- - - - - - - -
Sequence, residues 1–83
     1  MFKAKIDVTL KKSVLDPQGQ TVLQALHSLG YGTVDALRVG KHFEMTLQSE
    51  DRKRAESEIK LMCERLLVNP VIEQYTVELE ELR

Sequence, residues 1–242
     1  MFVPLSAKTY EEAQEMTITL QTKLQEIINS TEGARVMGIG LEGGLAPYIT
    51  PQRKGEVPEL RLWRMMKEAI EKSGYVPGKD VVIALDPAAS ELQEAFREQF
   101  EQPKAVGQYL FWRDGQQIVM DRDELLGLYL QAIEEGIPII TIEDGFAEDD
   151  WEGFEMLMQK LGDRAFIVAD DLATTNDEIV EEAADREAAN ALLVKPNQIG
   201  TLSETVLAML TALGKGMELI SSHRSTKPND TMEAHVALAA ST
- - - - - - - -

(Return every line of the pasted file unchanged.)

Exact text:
Sequence, residues 1–83
     1  MFKAKIDVTL KKSVLDPQGQ TVLQALHSLG YGTVDALRVG KHFEMTLQSE
    51  DRKRAESEIK LMCERLLVNP VIEQYTVELE ELR

Sequence, residues 1–242
     1  MFVPLSAKTY EEAQEMTITL QTKLQEIINS TEGARVMGIG LEGGLAPYIT
    51  PQRKGEVPEL RLWRMMKEAI EKSGYVPGKD VVIALDPAAS ELQEAFREQF
   101  EQPKAVGQYL FWRDGQQIVM DRDELLGLYL QAIEEGIPII TIEDGFAEDD
   151  WEGFEMLMQK LGDRAFIVAD DLATTNDEIV EEAADREAAN ALLVKPNQIG
   201  TLSETVLAML TALGKGMELI SSHRSTKPND TMEAHVALAA ST